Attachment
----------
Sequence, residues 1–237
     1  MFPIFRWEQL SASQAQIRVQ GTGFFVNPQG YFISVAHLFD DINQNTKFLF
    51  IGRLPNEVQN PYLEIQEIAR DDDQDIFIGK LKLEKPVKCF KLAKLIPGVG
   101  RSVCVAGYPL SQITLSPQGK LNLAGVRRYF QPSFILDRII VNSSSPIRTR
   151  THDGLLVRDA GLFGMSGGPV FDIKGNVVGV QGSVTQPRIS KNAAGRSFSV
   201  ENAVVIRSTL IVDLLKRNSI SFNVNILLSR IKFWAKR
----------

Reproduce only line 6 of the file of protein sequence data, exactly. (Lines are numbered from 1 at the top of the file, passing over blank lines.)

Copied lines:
   201  ENAVVIRSTL IVDLLKRNSI SFNVNILLSR IKFWAKR